The Chase P-51 Has 88 Fully Weighted Full Sized Piano Keys With Graded Hammer Action [GHA] Which Gives The Piano A Touch Unrecognisable From An Acoustic Piano.
The Three Pedal Unit Is A Huge Bonus That Cannot Usually Be Found With Other Pianos In This Price Range.
2 Built In Powerful 14 Watt Speakers USB Input And MP3 Recorder
If you are a musician, then it is highly likely that you play a range of instruments. Most musicians are able to play at least basic chords on a keyboard; especially if they are used to playing live. Keyboards, whilst capable of producing a range of sounds, can still be quite limiting.
However, with a MIDI keyboard, you can completely transform the way that you play music. You can play a wide range of instruments, compose your own pieces and really simplify recording and playing live simply by using software with your keyboard as a MIDI controller.
If you don't currently own a keyboard that can be used as a MIDI controller then there is no better time than right now to buy a MIDI keyboard setup. In order to give you a few ideas of what's on offer at the moment, we have tested and reviewed what we think are 3 contenders for the best weighted MIDI keyboard on the market right now. Please read on below for our top picks.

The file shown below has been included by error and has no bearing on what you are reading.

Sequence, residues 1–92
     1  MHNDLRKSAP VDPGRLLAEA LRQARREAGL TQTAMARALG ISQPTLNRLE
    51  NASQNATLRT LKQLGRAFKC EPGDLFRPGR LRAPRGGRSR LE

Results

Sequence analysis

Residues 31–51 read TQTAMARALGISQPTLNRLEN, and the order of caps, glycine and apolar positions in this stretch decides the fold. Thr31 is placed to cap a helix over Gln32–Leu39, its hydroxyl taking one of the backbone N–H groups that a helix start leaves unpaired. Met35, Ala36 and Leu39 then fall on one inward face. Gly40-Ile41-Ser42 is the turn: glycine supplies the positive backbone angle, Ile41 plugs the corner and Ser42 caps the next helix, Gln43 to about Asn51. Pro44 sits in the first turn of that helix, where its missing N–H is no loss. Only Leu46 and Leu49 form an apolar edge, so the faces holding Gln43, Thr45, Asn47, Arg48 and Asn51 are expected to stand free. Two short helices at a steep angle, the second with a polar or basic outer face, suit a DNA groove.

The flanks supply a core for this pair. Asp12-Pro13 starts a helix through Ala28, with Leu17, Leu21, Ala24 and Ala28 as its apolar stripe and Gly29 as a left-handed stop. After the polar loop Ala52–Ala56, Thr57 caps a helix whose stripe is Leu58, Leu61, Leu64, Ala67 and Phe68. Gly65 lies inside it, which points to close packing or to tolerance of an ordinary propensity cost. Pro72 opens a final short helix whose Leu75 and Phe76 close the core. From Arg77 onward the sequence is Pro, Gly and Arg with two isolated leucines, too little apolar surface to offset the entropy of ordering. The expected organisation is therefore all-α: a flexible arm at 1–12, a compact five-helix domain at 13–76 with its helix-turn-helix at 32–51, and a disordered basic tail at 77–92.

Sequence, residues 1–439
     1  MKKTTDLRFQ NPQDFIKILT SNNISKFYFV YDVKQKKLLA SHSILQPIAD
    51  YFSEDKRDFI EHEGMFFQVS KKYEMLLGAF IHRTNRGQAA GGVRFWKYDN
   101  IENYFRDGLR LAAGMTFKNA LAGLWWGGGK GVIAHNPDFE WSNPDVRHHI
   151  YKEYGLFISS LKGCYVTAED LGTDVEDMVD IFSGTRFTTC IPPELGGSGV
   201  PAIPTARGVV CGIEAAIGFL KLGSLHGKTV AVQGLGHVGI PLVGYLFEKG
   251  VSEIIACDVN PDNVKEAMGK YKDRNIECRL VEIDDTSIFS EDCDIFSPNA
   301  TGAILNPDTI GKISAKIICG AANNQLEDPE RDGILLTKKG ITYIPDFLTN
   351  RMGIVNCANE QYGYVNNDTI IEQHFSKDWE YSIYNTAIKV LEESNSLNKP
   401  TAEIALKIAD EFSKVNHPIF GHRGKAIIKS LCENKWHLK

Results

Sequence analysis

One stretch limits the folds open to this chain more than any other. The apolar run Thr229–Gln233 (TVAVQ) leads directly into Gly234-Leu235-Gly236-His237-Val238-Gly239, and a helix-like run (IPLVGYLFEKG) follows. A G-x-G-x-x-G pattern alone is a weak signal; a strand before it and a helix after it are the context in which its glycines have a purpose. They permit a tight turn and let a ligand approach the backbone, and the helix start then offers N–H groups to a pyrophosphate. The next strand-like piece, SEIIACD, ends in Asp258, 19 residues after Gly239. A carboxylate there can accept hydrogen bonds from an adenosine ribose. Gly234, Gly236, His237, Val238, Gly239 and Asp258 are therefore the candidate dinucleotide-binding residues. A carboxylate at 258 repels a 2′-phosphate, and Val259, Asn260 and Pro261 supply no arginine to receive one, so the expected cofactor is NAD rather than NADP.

Features: 88 Keys - Semi-Weighted - Velocity Sensitive - 8 Pads - 8 Encoders - 8 Faders - DAW Integration - MIDI - USB - 127.6 x 27.9 x 8.9 cm - 8.16kg
Number 1 on our list of the best weighted MIDI keyboard goes to the Nektar Impact LX88+. We have tested a range of different models and without a doubt, this one gives you not only the best features but also the best value for money. First of all, we're going to take a quick look at the design of this MIDI keyboard.
First of all, what really impressed us with the design of this model is that although it has got 88 keys, which most MIDI keyboards don't, it still remains compact and lightweight. We found that this not only made it perfect for studio use, but also meant that it was portable enough for live performances too.
We took a quick look at the keys themselves as this is often where MIDI keyboards fall short. With the Nektar Impact LX88+, this is not the case. The keys are semi-weighted which won't give you a completely realistic piano feel, but they are not too springy so they are pretty close for a MIDI unit.